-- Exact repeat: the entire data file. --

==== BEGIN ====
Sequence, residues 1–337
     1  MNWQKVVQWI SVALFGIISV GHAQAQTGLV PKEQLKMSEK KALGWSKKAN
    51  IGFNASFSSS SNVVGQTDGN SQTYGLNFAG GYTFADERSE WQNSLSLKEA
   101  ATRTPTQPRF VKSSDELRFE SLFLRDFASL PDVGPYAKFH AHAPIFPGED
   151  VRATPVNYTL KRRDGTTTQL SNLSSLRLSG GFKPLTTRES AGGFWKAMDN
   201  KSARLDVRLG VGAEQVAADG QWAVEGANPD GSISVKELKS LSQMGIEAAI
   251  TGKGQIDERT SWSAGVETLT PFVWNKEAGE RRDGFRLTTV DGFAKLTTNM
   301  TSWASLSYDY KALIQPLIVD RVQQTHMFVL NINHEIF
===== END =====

Sequence, residues 1–337
     1  MNWQKVVQWI SVALFGIISV GHAQAQTGLV PKEQLKMSEK KALGWSKKAN
    51  IGFNASFSSS SNVVGQTDGN SQTYGLNFAG GYTFADERSE WQNSLSLKEA
   101  ATRTPTQPRF VKSSDELRFE SLFLRDFASL PDVGPYAKFH AHAPIFPGED
   151  VRATPVNYTL KRRDGTTTQL SNLSSLRLSG GFKPLTTRES AGGFWKAMDN
   201  KSARLDVRLG VGAEQVAADG QWAVEGANPD GSISVKELKS LSQMGIEAAI
   251  TGKGQIDERT SWSAGVETLT PFVWNKEAGE RRDGFRLTTV DGFAKLTTNM
   301  TSWASLSYDY KALIQPLIVD RVQQTHMFVL NINHEIF